**We have updated our Guide to the Corps on our website.**
Nancy Pelosi wants an infrastructure bill that is ‘at least #1 trillion’
She continued that she would like to be ‘closer to #2 trillion.’ Such an enormous pot of money would rebuild traditional infrastructure nationwide for inland roads, bridges and school, but Pelosi also focused on upgrading outdated water systems and old roads that need to be updated for sea level rise and electric driverless vehicles. House T&I will take the lead, but with oversight from other committees such as Energy and Commerce, Natural Resources and the Select Committee on the Climate Crisis. We’ll track this to see how much coastal we can get out of it. The bill would hopefully reduce some of nearly $1 trillion backlog of construction projects in the Corps of Engineers’ portfolio. The main question most will ask is how would we fund it? Pelosi noted that there are different ways to raise revenue. Both gas taxes and carbon taxes are possibilities.
How much do you think natural disasters cost the US in 2018? Click here to find out.
Guidance for implementing several sections of WRDA18 was released late last week. Here’s a summary of the most important ones from a coastal point of view:
- Sec. 1148: Beneficial Use of Sediment/Regional Sediment Management. The statutory language of this section got messed up in the sausage grinder of the congressional process. It says that for single applications of sediment using Section 204 of the Continuing Authorities Program, only a temporary easement is needed to facilitate placement of sediment. However, if such an easement is granted, that “project” is no longer eligible for future sediment placements using Section 204. The guidance notes that temporary easements (which in our experience are used to permit the placement of equipment related to the beneficial use) can currently be granted. However, the guidance goes on to note that Section 204 placements require “permanent conditions of public use and access. That is (regrettably) not news. The guidance goes on to direct District Commanders “to take into consideration” the restriction on the project being eligible for future placements under Section 204. It goes on to state that “Permanent easement or fee title for material placement areas must be acquired for a project in order for the “site” to remain eligible for future placements.” Before it got messed up, the intent of this provision was to require less than a permanent easement for beneficial use placements which are not likely to last more than a few years. Hopefully this can be corrected in the next WRDA.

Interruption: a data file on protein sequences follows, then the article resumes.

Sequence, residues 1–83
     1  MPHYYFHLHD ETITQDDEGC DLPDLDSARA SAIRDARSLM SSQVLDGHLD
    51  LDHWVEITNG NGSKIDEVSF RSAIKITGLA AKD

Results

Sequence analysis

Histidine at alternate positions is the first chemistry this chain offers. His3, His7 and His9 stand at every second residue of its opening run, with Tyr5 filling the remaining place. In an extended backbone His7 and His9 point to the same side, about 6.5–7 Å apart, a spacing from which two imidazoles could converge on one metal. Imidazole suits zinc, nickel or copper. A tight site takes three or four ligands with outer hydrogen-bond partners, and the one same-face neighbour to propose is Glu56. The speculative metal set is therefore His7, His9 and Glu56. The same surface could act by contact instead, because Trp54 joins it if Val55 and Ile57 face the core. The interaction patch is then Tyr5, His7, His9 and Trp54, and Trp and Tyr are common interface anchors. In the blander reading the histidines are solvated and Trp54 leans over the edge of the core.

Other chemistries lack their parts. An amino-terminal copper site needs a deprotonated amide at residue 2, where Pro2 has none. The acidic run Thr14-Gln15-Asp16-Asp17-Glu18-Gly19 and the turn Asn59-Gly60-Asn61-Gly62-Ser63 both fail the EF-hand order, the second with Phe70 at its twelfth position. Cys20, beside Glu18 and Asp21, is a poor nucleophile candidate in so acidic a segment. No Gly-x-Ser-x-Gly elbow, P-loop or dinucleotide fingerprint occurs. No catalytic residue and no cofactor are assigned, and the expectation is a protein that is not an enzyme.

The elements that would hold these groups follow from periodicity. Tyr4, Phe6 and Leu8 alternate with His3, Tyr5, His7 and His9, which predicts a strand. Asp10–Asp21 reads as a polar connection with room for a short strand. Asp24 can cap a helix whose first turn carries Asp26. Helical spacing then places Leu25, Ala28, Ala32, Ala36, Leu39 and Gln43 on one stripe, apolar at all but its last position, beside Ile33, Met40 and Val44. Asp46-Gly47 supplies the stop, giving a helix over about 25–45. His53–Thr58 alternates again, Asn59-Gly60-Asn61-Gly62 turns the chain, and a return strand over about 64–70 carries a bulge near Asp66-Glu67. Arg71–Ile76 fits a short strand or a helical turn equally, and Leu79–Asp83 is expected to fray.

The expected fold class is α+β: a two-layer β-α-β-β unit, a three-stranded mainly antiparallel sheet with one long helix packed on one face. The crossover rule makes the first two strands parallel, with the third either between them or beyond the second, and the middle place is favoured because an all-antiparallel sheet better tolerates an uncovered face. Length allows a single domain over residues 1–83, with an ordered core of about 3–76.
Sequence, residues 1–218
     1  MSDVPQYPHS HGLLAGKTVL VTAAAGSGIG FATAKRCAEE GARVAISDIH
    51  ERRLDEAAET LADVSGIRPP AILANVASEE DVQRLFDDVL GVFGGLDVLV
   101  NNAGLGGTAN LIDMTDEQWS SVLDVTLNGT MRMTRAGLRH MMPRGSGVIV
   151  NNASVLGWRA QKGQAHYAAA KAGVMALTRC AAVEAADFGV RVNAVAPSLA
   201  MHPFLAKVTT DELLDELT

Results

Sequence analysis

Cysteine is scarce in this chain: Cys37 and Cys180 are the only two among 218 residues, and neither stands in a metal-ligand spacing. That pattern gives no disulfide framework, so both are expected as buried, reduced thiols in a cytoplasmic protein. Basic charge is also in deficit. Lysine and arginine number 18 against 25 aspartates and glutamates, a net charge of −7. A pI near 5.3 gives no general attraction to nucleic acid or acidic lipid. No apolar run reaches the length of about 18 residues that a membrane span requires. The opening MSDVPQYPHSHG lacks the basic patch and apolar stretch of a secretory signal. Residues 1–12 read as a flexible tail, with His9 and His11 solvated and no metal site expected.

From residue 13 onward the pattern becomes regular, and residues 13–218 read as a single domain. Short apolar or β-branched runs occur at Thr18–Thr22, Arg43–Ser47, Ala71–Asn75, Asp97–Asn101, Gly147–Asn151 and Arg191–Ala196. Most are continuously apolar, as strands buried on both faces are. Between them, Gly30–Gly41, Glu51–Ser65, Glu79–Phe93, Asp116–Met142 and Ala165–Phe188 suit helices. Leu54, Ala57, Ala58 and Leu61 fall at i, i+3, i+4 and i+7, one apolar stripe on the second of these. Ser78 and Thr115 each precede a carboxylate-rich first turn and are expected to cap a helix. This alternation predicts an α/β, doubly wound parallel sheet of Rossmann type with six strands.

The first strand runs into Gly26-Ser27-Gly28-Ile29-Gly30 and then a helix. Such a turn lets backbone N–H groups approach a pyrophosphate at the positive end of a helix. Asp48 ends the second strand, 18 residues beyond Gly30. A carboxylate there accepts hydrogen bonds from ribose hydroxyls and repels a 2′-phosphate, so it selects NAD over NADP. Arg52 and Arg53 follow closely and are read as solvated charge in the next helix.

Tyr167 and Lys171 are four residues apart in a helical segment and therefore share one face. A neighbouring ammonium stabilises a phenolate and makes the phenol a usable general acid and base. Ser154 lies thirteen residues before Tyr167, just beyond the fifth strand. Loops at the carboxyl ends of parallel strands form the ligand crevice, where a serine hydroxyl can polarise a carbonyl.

- Sec. 1160: How Much Restoration Can You Get Under PL 84-99 (Section 103)? That’s the Corps emergency response authority. Beach nourishment projects are continuing construction, with periodic renourishments over 50 years. If a project gets hit by a storm between nourishments and is eligible for PL 84-99 (FCCE) assistance, how much sand should it get? Can it be modified using these funds to improve its effectiveness? Under the guidance, it can’t be modified to increase protection or expand its coverage. The Corps will provide enough sand to get the project back to its “design template” (the beach profile without sacrificial sand) unless its pre-storm condition is greater than that level. In such a case, the non-Federal sponsor can request the District Commander to consider restoring the project to its pre-storm profile. This evaluation can be done instead of a Project Information Report (PIR). If the evaluation determines that restoration to the pre-storm level “is not necessary to ensure adequate functioning of the project,” then the non-Federal sponsor will have to pay the additional cost. We’ve written about this before, but the bottom line is that if you repair to the minimum design template, that minimum amount of sand can be lost anytime from the day after the dredge leaves to a year after. It would be a lot more cost-effective to combine the “free” Federal repair money with cost-shared periodic nourishment funds. That avoids two separate mobilizations of dredges, savings millions of dollars. Congress is far more willing to spend the money post-disaster than prevent damages pre-disaster.
- Sec. 1153: Construction of Projects by Non-Federal Interests. If Congress has authorized construction of a water resources project and the non-Federal interest wants to proceed with the construction of that project, this guidance sets rules for applying for permits, NEPA compliance and other similar matters.